After an incident in which she slapped an Israeli soldier, Ahed Tamimi, 17, appeared before an Israeli military court on Tuesday.
The UN experts called for her release, saying that future hearings should be held in strict accordance with international legal standards.
“The Convention on the Rights of the Child, which Israel has ratified, clearly states that children are to be deprived of their liberty only as a last resort, and only for the shortest appropriate period of time,” said Michael Lynk, the special rapporteur on the situation of human rights in the Palestinian Territory occupied since 1967.
“None of the facts of this case would appear to justify her ongoing detention prior to her trial, particularly given the concerns expressed by the Committee on the Rights of the Child about the use of pre-trial detention and detention on remand,” Lynk said.
Tamimi has been held in detention since she was arrested at her home by Israeli soldiers last December when she was 16. Four days earlier, she was filmed physically confronting Israeli soldiers on her family’s property in Nabi Salah, in the occupied West Bank.
On 1 January, Tamimi was charged with a number of offenses under Israeli military law, some stemming from the December incident, and others dating back to last April. The court ruled that she should remain in detention until the end of her trial, due to reconvene in early March.
Questioned without her parents or lawyer
“Tamimi was arrested in the middle of the night by well-armed soldiers, and then questioned by Israeli security officials without a lawyer or family members present. This violates the fundamental legal guarantee to have access to counsel during interrogation,” said Jose Guevara, chair of the Working Group on Arbitrary Detention.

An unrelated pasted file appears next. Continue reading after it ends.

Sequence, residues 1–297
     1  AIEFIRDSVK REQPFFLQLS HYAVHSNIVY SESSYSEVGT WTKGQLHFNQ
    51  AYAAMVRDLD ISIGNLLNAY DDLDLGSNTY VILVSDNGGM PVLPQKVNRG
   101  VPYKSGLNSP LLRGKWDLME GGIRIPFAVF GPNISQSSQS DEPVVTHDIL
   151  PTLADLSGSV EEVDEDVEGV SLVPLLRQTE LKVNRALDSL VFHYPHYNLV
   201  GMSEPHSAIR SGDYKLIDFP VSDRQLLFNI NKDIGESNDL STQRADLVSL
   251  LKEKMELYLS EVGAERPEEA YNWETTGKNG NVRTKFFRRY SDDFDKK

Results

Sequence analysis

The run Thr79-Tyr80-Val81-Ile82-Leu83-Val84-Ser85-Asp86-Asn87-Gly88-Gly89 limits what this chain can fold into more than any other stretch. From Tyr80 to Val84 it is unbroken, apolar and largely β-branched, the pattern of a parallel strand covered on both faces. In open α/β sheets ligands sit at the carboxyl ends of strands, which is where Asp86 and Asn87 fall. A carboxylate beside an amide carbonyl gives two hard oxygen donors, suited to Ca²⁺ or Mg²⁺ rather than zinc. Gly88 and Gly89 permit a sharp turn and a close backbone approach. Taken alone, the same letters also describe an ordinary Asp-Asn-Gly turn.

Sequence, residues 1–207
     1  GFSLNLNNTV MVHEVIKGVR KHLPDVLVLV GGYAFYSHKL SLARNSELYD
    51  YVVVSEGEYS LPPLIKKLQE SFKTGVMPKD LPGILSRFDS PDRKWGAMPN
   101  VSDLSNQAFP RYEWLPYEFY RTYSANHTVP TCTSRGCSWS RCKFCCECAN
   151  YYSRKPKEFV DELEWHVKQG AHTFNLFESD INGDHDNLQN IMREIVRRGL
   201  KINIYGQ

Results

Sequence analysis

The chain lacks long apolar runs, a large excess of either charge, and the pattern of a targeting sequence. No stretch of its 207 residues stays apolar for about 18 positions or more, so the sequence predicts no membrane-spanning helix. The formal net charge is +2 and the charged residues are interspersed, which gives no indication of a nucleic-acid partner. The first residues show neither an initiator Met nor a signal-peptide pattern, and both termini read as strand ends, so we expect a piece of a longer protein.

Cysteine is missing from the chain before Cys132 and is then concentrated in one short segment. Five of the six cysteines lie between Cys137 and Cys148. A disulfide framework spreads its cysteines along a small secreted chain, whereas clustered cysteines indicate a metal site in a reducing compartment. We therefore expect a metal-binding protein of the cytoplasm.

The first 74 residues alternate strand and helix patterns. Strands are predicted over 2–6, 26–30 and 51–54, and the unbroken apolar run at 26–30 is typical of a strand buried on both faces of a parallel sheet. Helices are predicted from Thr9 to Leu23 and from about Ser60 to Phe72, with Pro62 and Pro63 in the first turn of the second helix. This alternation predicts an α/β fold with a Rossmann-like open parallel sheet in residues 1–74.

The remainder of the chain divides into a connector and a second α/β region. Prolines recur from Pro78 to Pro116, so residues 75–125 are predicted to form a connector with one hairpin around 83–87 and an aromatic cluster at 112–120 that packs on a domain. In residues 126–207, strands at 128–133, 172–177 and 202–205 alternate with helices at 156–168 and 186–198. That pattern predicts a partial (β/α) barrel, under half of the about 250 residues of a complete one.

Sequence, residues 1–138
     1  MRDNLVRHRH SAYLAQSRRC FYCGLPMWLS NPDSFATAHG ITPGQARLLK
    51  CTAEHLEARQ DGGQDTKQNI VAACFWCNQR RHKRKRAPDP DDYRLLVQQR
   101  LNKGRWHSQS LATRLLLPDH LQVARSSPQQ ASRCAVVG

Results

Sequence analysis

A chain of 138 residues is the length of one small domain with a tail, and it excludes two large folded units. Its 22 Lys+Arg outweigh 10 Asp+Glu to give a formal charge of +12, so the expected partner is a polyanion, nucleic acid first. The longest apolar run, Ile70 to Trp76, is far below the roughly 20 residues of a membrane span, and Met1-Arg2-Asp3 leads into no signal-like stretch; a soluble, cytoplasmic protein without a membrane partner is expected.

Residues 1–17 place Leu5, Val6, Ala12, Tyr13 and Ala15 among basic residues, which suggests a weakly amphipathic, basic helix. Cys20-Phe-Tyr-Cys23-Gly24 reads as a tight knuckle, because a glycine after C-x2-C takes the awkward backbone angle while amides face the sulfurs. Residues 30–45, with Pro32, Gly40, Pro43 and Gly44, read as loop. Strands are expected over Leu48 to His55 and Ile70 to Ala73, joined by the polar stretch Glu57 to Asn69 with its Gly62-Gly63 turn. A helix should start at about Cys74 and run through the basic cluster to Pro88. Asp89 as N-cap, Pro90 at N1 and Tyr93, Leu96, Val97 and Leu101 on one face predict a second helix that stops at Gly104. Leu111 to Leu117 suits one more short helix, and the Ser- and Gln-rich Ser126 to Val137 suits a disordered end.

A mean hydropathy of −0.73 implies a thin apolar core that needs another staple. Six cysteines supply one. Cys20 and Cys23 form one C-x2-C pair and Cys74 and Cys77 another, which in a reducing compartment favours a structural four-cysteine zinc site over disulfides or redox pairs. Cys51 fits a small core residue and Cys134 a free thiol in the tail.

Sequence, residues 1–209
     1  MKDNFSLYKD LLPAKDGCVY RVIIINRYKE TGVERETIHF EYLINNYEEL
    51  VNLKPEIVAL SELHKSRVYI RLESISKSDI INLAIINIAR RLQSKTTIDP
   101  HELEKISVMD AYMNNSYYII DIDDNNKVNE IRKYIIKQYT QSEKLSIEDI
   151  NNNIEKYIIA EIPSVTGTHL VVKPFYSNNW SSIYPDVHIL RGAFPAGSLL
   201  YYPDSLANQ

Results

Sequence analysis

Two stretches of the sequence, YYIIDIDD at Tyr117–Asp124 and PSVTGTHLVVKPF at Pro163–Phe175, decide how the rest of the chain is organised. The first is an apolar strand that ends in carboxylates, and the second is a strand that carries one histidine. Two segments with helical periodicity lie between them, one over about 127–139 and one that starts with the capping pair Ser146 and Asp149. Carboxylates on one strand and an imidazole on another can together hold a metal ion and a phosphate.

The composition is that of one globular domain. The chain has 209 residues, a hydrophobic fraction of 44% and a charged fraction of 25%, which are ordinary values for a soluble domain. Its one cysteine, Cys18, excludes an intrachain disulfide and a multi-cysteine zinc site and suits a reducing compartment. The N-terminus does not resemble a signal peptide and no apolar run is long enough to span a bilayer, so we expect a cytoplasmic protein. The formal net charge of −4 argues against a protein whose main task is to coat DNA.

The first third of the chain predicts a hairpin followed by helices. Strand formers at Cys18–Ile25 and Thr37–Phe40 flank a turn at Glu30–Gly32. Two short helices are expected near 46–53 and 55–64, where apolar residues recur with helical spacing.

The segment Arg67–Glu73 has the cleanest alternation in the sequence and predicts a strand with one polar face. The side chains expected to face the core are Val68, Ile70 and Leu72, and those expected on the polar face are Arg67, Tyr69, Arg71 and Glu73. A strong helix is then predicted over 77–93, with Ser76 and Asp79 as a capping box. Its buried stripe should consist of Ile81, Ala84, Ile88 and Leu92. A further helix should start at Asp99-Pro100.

The UN experts also said that “her place of detention — Hasharon prison in Israel — [is] in violation of the Fourth Geneva Convention which states that the deportation of protected persons from occupied territory to the territory of the occupying power, or to that of any other country, is prohibited, regardless of the motive.”
“Figures from Palestine show that Israel detains and prosecutes between 500 to 700 Palestinian children in military courts annually,” Lynk noted.
“We have received reports that these children are commonly mistreated while in detention, subjected to both physical and psychological abuse, deprived of access to lawyers or family members during interrogation, and tried under a military court system in which there are significant concerns regarding independence and impartiality, and which has a worryingly high conviction rate,” he said.
The experts also called on Israeli authorities to respect and ensure basic due process rights, with particular attention to the rights and protections afforded to children, and re-emphasized their call for Tamimi to be released in line with these protections.